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A Church Where All Feel Welcomed

A Church Where All Feel Welcomed

Tasha

Columbia, Maryland

 

When my neighbor Joanne asked if I attended Bridgeway, I immediately told her I did and invited her to church. She told me she’d think about it, but we never spoke of it again. However, one day I ran into Joanne’s mother, who lives with her. “Joanne is considering visiting Bridgeway,” she told me. “She is just a little concerned because of being in an interracial relationship. She’s not sure if she and her husband will be welcomed or comfortable.”

It breaks my heart to know there are churches where Joanne’s concern may be valid. But I was so glad to be able to reassure her mother that they would definitely be welcomed in at Bridgeway. I told her we have many interracial families who are part of our congregation.

Just about a week later, I spotted Joanne in the lobby after a service. She smiled and waved from afar, but she kept on moving. Once in awhile, our paths would cross briefly as we walked our dogs through the neighborhood, but I never had a chance to talk with her about her experiences at Bridgeway.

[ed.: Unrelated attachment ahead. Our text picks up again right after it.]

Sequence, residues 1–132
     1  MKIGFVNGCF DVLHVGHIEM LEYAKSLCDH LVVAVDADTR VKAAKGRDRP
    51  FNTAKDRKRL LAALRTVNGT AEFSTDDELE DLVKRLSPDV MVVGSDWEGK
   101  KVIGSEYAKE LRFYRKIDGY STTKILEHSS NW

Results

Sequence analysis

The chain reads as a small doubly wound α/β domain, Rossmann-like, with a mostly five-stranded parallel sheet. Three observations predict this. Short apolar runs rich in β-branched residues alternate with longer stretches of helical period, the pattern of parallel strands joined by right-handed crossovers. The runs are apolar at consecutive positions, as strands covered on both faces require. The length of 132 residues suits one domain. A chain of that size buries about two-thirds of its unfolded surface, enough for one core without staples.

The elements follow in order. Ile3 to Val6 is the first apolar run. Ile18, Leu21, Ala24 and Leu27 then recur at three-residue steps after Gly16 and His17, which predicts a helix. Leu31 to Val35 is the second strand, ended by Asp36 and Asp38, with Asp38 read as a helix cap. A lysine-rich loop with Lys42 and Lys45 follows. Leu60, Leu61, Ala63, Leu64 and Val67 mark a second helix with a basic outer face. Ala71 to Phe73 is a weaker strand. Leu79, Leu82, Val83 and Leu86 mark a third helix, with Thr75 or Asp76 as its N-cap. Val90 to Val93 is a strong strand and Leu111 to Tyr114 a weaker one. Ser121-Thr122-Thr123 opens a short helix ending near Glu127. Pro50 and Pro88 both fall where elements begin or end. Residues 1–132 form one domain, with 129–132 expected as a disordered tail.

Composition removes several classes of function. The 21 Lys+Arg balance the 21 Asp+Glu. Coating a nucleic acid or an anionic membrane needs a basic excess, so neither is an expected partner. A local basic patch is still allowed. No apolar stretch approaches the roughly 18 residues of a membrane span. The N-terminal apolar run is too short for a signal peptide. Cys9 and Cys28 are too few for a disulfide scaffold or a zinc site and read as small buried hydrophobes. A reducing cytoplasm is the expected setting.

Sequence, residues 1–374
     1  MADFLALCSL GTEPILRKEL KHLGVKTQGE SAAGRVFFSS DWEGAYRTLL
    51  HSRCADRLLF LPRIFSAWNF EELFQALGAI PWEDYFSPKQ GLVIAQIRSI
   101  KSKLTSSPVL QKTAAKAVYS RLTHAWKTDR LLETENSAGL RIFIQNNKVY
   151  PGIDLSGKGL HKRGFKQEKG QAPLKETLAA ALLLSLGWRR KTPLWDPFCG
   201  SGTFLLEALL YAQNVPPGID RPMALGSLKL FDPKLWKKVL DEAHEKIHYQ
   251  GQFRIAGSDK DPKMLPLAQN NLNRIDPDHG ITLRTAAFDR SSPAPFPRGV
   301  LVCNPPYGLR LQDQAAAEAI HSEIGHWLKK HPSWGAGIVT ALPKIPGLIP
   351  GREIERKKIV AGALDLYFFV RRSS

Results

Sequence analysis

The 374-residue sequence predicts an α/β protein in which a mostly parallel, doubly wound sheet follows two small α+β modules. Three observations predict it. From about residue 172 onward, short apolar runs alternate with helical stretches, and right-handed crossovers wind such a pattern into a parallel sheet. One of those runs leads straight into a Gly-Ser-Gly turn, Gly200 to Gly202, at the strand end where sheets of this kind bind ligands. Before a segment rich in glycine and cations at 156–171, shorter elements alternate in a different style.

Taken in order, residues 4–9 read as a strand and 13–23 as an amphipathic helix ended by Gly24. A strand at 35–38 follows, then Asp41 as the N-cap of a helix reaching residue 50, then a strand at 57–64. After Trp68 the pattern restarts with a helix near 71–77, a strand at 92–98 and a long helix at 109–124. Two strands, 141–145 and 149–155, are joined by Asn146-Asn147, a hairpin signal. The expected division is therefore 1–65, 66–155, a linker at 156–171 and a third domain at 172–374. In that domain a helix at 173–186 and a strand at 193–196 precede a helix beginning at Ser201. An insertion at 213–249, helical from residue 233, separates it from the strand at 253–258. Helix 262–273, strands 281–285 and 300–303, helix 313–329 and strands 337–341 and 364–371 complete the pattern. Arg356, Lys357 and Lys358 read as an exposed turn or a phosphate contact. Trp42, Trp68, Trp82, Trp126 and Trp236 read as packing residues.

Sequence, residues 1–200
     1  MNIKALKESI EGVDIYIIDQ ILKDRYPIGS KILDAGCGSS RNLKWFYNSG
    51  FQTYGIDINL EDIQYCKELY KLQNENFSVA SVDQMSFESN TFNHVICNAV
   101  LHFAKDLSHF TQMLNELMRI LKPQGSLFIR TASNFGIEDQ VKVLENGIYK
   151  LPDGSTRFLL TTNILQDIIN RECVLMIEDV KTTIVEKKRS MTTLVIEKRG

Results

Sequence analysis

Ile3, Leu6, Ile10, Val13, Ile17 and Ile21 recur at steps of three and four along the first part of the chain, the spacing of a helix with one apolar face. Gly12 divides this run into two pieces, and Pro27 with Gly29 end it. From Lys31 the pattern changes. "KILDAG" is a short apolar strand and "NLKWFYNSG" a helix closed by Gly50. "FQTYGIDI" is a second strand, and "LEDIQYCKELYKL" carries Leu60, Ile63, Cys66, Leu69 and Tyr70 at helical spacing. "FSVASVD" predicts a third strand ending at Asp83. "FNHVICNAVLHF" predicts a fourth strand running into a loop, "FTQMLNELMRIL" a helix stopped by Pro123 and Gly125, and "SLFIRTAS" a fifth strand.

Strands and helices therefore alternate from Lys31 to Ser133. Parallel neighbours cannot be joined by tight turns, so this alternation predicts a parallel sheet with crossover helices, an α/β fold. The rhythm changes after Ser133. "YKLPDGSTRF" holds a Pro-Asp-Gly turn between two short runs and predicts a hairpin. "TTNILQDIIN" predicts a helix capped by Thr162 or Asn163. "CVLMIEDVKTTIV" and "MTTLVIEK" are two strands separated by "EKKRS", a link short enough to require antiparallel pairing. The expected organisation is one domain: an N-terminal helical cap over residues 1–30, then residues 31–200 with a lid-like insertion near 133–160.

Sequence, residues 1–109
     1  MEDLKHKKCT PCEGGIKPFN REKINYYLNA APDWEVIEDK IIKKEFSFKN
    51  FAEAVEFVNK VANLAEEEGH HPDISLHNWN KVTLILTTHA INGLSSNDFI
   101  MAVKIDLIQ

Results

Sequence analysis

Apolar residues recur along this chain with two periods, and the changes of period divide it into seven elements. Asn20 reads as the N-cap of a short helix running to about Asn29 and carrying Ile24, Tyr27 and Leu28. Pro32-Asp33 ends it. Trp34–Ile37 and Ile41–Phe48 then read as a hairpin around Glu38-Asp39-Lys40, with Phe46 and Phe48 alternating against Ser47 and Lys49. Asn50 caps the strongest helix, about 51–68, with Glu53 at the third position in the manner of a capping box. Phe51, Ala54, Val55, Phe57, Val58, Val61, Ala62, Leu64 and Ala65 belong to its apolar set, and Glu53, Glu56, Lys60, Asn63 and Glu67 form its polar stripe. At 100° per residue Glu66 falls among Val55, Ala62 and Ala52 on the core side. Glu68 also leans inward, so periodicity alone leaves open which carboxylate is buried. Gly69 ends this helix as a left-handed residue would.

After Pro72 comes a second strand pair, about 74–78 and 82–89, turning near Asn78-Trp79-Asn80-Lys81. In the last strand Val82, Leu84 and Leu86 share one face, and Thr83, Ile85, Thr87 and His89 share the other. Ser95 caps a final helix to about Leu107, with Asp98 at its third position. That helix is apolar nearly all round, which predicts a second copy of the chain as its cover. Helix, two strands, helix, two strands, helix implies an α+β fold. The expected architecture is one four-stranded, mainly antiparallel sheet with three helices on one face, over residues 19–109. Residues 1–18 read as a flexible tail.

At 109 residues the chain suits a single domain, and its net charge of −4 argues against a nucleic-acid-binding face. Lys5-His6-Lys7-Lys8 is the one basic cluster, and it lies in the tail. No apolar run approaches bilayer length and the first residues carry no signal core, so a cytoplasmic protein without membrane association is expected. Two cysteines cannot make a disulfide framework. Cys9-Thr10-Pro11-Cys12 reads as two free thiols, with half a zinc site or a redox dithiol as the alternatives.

Then one evening, she stopped me at church and said, “I’ve been wanting to tell you how much I have appreciated Bridgeway. We were reluctant to visit as an interracial couple, but we felt so welcomed right from the moment we walked in. When we sat in our seats and the choir started singing, I just began to cry. I really felt like we had found a place to call home. Thank you so much for inviting me!”

Joanne’s experience just reminds me how proud I am to be a part of this church that welcomes and loves so well. I am also so glad that the blessings I have experienced at Bridgeway can be shared with others who are looking for a church home.

I love coming to Bridgeway; it's a smaller reflection of how I'd like the world to be: diverse, unconditional, and accepting. - d. Joyce
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